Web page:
It was clear that he didn’t think much of us. His feedback on my papers convinced me that he didn’t like my writing style and that he wasn’t interested in my creative approaches to his assignments, which only made me more determined to write them the way I wanted instead of the way he recommended. Kate and I both did a lot of daydreaming and gazing out of the window while he droned on about cattle rustling in The Ox-Bow Incident.
One day our teacher looked at Kate and said, “You’re such an enigma. Why don’t you sit in the same seat every day?”
Yes, apparently being the last person in the room and taking whatever seat is left is enigma-worthy. But what he really meant was: you’re creative, and I don’t understand you.
No thanks to him, Kate and I are both writers now. Fortunately, we also had creative teachers who nurtured our creativity and encouraged us to take risks.
In my first year of college, I wrote loads of papers, but one stands out. Another English class and an assignment on some really boring religion debate where you had to take one side and develop an argument. I didn’t want to do that, so I expanded the topic and wrote a creative response to the idea of organized religion. My instructor, fresh out of grad school and not much older than I, pulled me aside after class and said, “You know I can’t give you an ‘A’ on this paper because it doesn’t fit the assignment, but I can see that you are smart and creative. I’m going to give you the chance to rewrite it as assigned, but I also think you should keep writing creatively outside of class.”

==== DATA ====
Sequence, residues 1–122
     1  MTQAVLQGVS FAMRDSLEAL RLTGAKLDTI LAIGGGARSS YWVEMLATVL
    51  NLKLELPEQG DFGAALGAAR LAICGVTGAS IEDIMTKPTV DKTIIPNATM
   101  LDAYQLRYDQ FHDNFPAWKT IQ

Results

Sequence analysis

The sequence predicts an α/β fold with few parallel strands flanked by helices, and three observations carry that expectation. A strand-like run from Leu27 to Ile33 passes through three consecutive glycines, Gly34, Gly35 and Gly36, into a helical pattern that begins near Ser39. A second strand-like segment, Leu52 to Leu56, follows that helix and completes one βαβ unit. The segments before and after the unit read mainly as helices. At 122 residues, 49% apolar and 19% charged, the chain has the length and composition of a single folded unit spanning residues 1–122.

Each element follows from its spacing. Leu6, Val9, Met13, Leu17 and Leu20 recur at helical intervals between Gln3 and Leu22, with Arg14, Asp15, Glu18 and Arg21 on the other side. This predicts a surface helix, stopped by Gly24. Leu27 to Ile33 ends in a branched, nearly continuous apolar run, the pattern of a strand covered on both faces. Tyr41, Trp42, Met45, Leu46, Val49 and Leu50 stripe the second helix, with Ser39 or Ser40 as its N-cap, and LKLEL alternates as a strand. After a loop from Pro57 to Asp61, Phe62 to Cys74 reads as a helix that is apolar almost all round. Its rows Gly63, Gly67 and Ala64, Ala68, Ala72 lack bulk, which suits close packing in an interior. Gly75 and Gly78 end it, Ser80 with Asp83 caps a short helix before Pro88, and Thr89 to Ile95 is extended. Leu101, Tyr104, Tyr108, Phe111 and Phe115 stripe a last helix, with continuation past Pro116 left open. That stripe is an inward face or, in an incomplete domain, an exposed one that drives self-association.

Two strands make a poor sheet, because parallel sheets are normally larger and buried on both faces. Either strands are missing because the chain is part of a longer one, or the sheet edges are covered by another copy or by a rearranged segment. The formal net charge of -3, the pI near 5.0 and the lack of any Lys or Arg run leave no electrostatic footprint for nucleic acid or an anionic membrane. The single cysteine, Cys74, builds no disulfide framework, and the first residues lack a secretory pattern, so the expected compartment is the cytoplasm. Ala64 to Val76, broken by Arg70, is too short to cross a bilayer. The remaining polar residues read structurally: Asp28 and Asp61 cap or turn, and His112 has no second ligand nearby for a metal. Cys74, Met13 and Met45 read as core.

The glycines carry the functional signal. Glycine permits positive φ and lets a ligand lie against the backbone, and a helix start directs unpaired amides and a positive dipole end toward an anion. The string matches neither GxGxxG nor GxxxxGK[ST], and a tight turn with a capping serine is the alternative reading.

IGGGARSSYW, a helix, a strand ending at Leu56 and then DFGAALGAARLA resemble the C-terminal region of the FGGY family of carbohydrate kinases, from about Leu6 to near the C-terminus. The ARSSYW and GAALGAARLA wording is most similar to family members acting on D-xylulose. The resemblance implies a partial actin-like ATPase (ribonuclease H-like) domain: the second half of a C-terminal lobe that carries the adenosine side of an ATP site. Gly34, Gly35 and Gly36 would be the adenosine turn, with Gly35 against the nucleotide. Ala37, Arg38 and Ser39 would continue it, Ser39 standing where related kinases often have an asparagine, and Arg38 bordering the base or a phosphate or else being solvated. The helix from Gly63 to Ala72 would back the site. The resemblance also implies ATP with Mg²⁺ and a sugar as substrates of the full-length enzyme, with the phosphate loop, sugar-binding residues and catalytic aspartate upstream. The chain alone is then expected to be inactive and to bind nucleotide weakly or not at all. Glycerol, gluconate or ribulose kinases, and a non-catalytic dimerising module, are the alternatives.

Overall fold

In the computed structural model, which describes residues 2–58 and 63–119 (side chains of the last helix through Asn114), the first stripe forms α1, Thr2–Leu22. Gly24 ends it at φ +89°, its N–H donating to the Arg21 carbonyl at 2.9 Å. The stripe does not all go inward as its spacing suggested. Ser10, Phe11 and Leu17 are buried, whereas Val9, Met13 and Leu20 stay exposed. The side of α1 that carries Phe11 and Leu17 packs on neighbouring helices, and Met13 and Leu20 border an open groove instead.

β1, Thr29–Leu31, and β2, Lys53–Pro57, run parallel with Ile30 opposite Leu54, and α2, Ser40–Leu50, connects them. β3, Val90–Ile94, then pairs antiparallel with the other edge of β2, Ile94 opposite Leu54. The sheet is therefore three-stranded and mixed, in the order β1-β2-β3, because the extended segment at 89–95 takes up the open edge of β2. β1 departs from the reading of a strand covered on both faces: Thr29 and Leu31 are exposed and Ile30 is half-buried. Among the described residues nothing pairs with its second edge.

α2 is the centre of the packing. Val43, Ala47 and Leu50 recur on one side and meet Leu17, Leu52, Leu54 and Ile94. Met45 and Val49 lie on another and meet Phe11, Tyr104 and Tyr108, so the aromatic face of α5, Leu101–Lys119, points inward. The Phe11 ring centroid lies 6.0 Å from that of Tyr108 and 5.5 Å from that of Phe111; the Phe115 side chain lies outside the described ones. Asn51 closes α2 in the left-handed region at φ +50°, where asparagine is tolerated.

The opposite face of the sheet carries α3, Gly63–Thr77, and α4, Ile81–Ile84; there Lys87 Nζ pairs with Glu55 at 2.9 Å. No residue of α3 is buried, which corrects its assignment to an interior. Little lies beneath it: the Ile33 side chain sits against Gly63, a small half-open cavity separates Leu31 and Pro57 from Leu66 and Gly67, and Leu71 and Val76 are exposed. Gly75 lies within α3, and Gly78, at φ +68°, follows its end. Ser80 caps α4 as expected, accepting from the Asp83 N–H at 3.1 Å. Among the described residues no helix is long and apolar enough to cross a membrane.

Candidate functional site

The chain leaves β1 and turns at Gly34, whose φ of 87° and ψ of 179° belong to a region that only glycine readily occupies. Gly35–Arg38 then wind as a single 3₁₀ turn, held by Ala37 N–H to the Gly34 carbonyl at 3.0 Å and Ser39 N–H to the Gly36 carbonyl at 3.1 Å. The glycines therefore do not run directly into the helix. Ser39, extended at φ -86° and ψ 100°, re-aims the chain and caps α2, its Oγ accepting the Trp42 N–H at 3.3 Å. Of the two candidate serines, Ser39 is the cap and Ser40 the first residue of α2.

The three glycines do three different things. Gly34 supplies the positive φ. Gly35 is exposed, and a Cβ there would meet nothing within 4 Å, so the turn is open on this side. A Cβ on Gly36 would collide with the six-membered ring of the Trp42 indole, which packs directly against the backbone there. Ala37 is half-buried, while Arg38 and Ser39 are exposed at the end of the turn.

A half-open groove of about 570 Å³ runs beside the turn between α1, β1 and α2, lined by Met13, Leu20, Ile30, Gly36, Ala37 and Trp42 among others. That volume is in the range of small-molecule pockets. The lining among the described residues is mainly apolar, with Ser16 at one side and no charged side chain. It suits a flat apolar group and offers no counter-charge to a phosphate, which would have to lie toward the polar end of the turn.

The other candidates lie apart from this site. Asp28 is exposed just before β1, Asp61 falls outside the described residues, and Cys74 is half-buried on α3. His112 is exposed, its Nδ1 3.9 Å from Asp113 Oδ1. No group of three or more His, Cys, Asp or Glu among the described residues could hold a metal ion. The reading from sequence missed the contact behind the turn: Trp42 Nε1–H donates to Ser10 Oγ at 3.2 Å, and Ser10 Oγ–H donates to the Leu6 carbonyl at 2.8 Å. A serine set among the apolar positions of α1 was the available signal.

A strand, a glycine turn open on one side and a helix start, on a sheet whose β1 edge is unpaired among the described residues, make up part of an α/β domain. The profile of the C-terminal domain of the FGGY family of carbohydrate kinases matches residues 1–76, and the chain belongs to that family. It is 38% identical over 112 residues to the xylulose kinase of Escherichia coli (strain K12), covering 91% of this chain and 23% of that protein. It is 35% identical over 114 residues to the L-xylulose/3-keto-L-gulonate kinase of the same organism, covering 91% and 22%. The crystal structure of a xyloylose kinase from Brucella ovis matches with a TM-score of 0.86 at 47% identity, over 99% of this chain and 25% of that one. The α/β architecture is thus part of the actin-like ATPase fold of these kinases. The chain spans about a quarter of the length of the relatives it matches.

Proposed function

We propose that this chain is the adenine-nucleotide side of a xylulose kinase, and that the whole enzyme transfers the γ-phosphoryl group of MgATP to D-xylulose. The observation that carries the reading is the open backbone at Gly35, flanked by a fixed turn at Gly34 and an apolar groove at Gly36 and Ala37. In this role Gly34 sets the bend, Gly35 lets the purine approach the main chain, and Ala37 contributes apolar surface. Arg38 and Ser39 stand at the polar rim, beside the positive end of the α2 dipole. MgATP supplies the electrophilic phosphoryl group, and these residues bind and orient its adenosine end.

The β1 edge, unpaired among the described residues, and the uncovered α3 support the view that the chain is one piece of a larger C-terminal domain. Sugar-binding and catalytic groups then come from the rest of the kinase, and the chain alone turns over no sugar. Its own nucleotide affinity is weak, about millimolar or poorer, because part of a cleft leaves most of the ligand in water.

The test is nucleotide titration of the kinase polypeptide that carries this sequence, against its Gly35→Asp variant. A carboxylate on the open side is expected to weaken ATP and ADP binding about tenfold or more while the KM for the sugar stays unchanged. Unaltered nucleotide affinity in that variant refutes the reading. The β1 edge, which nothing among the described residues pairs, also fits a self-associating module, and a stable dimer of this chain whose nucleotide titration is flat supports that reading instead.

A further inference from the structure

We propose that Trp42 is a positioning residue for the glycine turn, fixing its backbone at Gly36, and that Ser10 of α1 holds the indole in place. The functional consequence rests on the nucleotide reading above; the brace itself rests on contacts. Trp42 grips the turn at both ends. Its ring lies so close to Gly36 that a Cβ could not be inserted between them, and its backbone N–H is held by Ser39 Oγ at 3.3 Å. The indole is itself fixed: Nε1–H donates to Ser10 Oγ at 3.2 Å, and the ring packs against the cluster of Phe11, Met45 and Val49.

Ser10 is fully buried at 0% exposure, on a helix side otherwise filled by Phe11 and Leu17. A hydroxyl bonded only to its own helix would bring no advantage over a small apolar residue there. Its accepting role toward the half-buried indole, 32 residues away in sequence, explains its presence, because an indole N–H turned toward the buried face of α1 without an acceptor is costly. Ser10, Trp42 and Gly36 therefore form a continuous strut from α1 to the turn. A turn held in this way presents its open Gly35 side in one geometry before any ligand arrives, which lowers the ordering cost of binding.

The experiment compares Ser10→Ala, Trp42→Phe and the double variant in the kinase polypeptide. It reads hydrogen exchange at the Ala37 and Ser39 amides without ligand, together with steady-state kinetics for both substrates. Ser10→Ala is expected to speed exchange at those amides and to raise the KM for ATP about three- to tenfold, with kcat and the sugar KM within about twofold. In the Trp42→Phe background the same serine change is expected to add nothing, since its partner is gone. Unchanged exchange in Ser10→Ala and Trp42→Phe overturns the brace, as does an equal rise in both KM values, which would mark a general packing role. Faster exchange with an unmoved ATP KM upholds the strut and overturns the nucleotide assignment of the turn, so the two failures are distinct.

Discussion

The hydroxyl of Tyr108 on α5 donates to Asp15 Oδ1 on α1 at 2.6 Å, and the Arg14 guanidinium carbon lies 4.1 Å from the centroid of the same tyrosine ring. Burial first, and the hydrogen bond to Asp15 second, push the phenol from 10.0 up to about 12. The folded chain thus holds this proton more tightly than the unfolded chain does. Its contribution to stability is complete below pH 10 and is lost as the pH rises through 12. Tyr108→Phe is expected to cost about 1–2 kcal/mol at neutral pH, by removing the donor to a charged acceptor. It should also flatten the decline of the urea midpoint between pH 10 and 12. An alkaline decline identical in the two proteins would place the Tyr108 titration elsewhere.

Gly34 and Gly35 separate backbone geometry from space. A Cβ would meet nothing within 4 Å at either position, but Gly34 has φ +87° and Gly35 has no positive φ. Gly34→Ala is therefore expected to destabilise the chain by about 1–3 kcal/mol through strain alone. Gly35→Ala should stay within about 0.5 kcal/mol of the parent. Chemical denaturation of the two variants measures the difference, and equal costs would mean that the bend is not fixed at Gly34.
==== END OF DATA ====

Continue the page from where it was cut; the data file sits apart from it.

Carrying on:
Although I’d been encouraged by teachers in theatre and music, I’d never had a teacher tell me to “keep writing” the way I wanted to write.
I can get stuck working in formulas just like everyone else. That’s how we appease and, often, move forward. But, as with teachers, I’m always looking for the employer who will recognize what I really have to offer and open up a space for me to soar. Sometimes I’ve been lucky to find that person, sometimes I’ve retreated into the corner after too many disappointments, and other times I’ve been able to create that opportunity for myself.
Like anyone else, I can get so caught up in the mundane chores of life that I forget to find room for creativity. So I’m practicing intentional creativity. Every day I look for opportunities to be creative. If I’m stuck inside, I stop and notice what the natural world is up to outside my window, which allows me to wonder how mockingbirds learn to mimic, how I can work those sunset shades into something pretty to keep around, or what flowers to plant in the spring. I play with spices and listen to stories while cooking. If it’s too cold to run, I have a private dance party. If I need a distraction, I turn to Pinterest for project ideas and daydreaming rather than scrolling through Facebook posts. When I wake up, I take a moment to try to remember my dreams.
And whenever I feel like I’m trapped in a box, I at least open a window and bring in some flowers until I can find a way out. I definitely do not paint it pink and settle in.